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first_imgNatasha and Andrew Reid, with their kids Jessica, 12, and Stephanie, 10, have their Holland Park West house up for sale. Picture: AAP Image Steve Pohlner.BRISBANE’S median house price has hit a new high, with market growth up 30 per cent in the past five years.The latest Real Estate Institute of Queensland Market Monitor, to be released today, reveals Brisbane’s median house price increased 2.5 per cent in the past year to hit a record-breaking $673,000.REIQ chief executive Antonia Mercorella said the market in the Brisbane local government area (LGA) had grown almost 30 per cent over the past five years, thanks to “steady, sustainable growth’’ giving buyers confidence.House prices in the Greater Brisbane market, which includes Brisbane, Ipswich, Logan, Moreton Bay and Redland, rose 2.8 per cent in the past year and 1 per cent in the June quarter to $524,000.Within Brisbane itself, the median house price increased by 0.9 per cent in the quarter.The REIQ has released their latest median house price figures.“Over the medium term, the Greater Brisbane house market grew 20.1 per cent or the equivalent to nearly $88,000 for the past five years,’’ Ms Mercorella said.The REIQ figures revealed that cheap and cheerful Caboolture South was the top performing suburb within Greater Brisbane during the June quarter with a massive 30.4 per cent increase in its median house price to a still affordable $327,500.The REIQ has released their latest median house price figures.LJ Hooker Morayfield/Caboolture agent Greg Meiers said Caboolture South market was popular with investors.“It is close to the train, the shops, schools, and houses in the area get good rental yields,” he said. “I think a lot of people will look back in 20 years and wonder why they didn’t buy up here.”Holland Park West was the best performer in the Brisbane LGA during the June quarter with its median house price up by 24.5 per cent to $842,000.The new data was welcomed by Tash and Andrew Reid, who are selling their house at 7 Pickthorne St in Holland Park West.Natasha and Andrew Reid, with their kids Jessica, 12, and Stephanie, 10, have their Holland Park West house up for sale. Picture: AAP Image Steve Pohlner“We had been living in a smaller house at Mount Gravatt East and upgraded to this house in 2006,” Mrs Reid said.“It is such a lovely area – 50m to the bus, you can walk to the shops, the school, there is a park across the road and it’s a great family area. But we are upgrading again, back to Mount Gravatt East. We have both thought that maybe we are mad leaving because it is just so convenient.”The REIQ has released their latest median house price figures.The REIQ report also reveals buyers were keen to get as much land as they could, with the median house price skyrocketing 24.9 per cent to $1.28 million for houses on more than 2500sq m of land during the June quarter.More from newsParks and wildlife the new lust-haves post coronavirus16 hours agoNoosa’s best beachfront penthouse is about to hit the market16 hours agoCoastal markets were still strong performers with the state’s highest median house price increase for the quarter at Hope Island on the Gold Coast. The median increased by 38.2 per cent $950,000.Sunshine Coast was not far behind with the median house price in Noosa Heads up by 32.2 per cent to $1.19 million.The unit market did not do as well as the housing market, although there were some standout performers with the median unit price in Rochedale increasing 51.6 per cent to $705,000 and in Marsden by 22.5 per cent to $343,900 in the past 12 months.Ms Mercorella said supply continued to outstrip demand in the unit market in parts of Brisbane, and more broadly across Greater Brisbane.“However, with strong net internal migration to the southeast corner of Queensland and strong overseas migration coming to the southern parts of the state, we are optimistic that unit supply will be absorbed,’’ she said.The REIQ has released their latest median house price figures.The Greater Brisbane unit market grew by 1.3 per cent, to a median of $405,000 in the June quarter and by 1.4 per cent in the past 12 months.Ms Mercorella said the only local government area to experience a drop in unit prices in the June quarter was Logan, where it fell 1.3 per cent.Toowong was the strongest performer in the unit market for the quarter. Its median up 31.1 per cent to $540,000.Statewide, that was followed by Kings Beach on the Sunshine Coast where the median unit price increased by 27.4 per cent to $500,000.In terms of vacant land, the latest Oliver Hume Quarterly Market Insights national land market report shows median land prices across southeast Queensland have reached $240,013, up about $7000 from the same period last year. Brisbane and the Gold Coast recorded the highest median land prices, $356,750 and $334,300 respectively.“Interstate migration continues to highlight the Queensland market … with many of our southern counterparts seeking greener pastures,” Oliver Hume national head of research George Bougias said. – Michelle Hele and Samantha HealyFOLLOW @COURIERMAILREALESTATE ON FACEBOOKlast_img read more

Online search habits reveal a demand for dual living properties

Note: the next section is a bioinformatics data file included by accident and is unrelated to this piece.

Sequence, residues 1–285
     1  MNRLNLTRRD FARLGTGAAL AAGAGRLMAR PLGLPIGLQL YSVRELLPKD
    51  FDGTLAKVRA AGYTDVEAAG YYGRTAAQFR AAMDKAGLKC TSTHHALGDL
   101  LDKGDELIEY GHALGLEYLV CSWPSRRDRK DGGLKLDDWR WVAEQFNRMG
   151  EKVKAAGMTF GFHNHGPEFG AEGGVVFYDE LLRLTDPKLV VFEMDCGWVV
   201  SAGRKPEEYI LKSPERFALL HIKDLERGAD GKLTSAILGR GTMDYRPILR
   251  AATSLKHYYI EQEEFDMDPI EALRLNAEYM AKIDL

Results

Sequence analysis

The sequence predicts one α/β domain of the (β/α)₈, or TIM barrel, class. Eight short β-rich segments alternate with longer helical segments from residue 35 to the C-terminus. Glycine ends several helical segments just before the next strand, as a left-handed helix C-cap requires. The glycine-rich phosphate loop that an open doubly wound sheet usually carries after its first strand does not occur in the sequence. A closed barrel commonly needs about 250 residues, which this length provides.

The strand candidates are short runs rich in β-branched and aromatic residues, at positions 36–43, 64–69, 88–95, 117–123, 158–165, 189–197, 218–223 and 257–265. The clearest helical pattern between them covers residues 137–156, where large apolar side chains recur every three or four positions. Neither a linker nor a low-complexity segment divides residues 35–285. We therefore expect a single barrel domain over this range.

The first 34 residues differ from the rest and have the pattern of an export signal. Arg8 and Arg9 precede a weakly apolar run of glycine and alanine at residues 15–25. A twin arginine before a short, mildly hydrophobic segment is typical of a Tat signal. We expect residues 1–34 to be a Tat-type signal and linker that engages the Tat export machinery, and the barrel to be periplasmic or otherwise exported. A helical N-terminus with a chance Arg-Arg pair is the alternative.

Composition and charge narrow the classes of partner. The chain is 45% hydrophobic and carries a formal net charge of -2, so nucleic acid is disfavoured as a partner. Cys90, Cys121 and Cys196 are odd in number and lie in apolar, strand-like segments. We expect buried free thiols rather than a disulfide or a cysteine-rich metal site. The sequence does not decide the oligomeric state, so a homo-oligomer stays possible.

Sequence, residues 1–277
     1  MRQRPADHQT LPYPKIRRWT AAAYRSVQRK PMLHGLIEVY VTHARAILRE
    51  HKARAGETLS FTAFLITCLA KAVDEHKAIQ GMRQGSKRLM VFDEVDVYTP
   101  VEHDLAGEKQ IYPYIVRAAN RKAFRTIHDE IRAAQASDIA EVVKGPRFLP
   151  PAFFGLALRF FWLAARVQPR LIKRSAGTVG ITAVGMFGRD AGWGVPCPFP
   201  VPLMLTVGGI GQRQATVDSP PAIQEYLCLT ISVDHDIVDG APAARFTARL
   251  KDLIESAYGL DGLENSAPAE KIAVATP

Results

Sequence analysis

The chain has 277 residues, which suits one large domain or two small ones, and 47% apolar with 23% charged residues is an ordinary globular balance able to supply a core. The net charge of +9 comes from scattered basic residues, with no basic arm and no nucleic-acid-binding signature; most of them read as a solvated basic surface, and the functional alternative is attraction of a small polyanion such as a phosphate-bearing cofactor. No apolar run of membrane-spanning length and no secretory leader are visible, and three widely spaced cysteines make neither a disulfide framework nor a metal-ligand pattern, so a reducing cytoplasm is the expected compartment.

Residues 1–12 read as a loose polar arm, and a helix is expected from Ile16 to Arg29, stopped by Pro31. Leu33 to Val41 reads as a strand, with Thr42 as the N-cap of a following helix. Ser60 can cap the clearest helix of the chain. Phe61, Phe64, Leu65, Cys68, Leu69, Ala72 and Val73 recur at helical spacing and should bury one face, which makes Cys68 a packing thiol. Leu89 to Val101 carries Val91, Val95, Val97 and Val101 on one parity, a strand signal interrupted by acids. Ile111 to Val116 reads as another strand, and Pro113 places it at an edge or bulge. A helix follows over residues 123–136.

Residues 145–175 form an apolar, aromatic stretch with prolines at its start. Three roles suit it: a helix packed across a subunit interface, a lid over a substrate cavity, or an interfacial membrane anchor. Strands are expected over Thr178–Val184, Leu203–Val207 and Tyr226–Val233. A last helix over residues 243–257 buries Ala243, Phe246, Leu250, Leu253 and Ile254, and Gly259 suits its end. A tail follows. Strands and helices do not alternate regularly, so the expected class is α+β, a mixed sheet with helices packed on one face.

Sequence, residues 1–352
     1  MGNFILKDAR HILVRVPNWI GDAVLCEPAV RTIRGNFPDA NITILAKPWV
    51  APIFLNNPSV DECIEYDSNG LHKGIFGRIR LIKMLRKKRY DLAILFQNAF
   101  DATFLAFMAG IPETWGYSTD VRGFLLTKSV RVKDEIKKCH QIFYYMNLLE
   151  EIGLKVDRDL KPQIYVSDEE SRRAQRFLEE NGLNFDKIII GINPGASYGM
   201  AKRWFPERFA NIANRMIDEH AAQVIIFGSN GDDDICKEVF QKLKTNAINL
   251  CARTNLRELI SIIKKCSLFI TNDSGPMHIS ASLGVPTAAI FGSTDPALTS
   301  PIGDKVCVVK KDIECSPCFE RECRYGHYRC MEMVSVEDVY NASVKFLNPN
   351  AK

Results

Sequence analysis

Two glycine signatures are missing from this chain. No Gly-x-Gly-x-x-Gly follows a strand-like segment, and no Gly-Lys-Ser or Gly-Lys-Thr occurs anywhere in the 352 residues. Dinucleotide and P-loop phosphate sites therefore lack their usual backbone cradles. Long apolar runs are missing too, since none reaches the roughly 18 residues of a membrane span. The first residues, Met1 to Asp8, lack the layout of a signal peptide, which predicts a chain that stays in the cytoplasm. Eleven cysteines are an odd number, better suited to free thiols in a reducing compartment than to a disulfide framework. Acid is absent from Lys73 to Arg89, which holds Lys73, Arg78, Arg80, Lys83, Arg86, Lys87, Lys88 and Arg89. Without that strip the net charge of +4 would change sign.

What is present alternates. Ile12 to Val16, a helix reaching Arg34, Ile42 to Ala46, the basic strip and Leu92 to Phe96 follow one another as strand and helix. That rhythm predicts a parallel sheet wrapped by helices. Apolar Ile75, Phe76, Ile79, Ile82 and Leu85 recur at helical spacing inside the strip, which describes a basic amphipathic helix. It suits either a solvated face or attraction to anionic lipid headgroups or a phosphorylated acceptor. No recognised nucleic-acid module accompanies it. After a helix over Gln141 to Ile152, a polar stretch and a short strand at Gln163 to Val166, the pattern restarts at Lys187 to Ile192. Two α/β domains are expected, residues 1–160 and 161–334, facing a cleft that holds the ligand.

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first_imgJan and Gary Harvey are selling their house, which has dual living capabilities.Gone are the days when the kids are booted out the door the moment they finish school. They’re staying home for longer — and the grandparents are moving in too. Our online search habits have uncovered a growing desire for houses suited to dual living, as multiple generations begin to live under the one roof. Real­estate.­com.­­au data has revealed Queensland’s top keyword search terms last year for browsing houses online, with variants of searches relating to dual living appearing multiple times in the list. Bernard Salt speculated a cultural shift contributed to the increased interest in dual living.Mr Salt said while property affordability was a factor, he believed a cultural shift that resulted in more relaxed parent-child relationships could have contributed to the trend.“It was different two generations ago, people wanted to get out of their parents’ houses,” he said.“There was more conflict between Baby Boomers and 20-somethings with their parents about living with a partner.“When that became not an issue they stayed home longer.“Now, some people want to live as extended family, some people want to have their Millennials living at home.” Gary and Jan Harvey in the dual living part of their home.While it is hardly surprising the top terms were pool (499,122 searches), swimming pool (340,579) and waterfront (96,005), variations of granny flat (64,372), dual living (54,807), and duplex (50,108) also appeared in the top 10. Place Woolloongabba director James Curtain said he had seen a rise in the popularity of dual-living properties over the past few years, and he didn’t expect it to disappear any time soon. “Teenagers are staying home for longer — they financially need to — so parents are assisting, but you still need that level of separation,” Mr Curtain said. REA Group chief economist Nerida Conisbee agreed that children were staying home longer — sometimes with their own families — and that older generations were moving in with their children. McGrath Paddington agent Reuben Packer-Hill said dual living properties receive up to 25 per cent more interest.Jan and Gary Harvey are selling their house at 53 Marriott St, Coorparoo, which is set up for dual living.The couple renovated the house when their children were teenagers, and they were sure to make sure it had a self-contained bottom floor.In the years that followed, one of their children moved back into the space with his wife for six months, and on another occasion they had another family move in while they were building a house.“They had separate side access so they could get on with their life and we could get on with ours, but we could come together when we wanted to,” Mrs Harvey said.Video Player is loading.Play VideoPlayNext playlist itemMuteCurrent Time 0:00/Duration 1:44Loaded: 0%Stream Type LIVESeek to live, currently playing liveLIVERemaining Time -1:44 Playback Rate1xChaptersChaptersDescriptionsdescriptions off, selectedCaptionscaptions settings, opens captions settings dialogcaptions off, selectedQuality Levels720p720pHD540p540p288p288p180p180pAutoA, selectedAudio Tracken (Main), selectedFullscreenThis is a modal window.Beginning of dialog window. Escape will cancel and close the window.TextColorWhiteBlackRedGreenBlueYellowMagentaCyanTransparencyOpaqueSemi-TransparentBackgroundColorBlackWhiteRedGreenBlueYellowMagentaCyanTransparencyOpaqueSemi-TransparentTransparentWindowColorBlackWhiteRedGreenBlueYellowMagentaCyanTransparencyTransparentSemi-TransparentOpaqueFont Size50%75%100%125%150%175%200%300%400%Text Edge StyleNoneRaisedDepressedUniformDropshadowFont FamilyProportional Sans-SerifMonospace Sans-SerifProportional SerifMonospace SerifCasualScriptSmall CapsReset restore all settings to the default valuesDoneClose Modal DialogEnd of dialog window.This is a modal window. This modal can be closed by pressing the Escape key or activating the close button.Close Modal DialogThis is a modal window. This modal can be closed by pressing the Escape key or activating the close button.PlayMuteCurrent Time 0:00/Duration 0:00Loaded: 0%Stream Type LIVESeek to live, currently playing liveLIVERemaining Time -0:00 Playback Rate1xFullscreenHow to bid at auction for your dream home? 01:45center_img The main part of the house at 53 Marriott St, Coorparoo.However, The Demographics Group’s managing director, demographer Bernard Salt, said multiple generations moving in with one another was a result of “Australian society evolving and splintering”. “The old model of mum, dad and the kids (living together) … (is) still very popular (but) seems to be evolving and changing,” Mr Salt said.“I think the influence of migrant groups like Greeks, Italians, et cetera, have introduced the idea of multiple generations sharing the same premises.”More from newsParks and wildlife the new lust-haves post coronavirus14 hours agoNoosa’s best beachfront penthouse is about to hit the market14 hours ago The downstairs dual living area of 53 Marriott St.McGrath Paddington agent Reuben Packer-Hill is marketing a property with two self-contained flats at 19 Taringa Pde, Indooroopilly, and said homes with dual-living capabilities often attracted “20-25 per cent more buyer interest”.“Rising household costs and the lack of good quality retirement options in the suburbs, has influenced multi-generational families to consider moving in (together),” Mr Packer-Hill said.“Some of the benefits include saving on mortgage payments, helping with the care of younger children and enjoying the company of one another.”last_img read more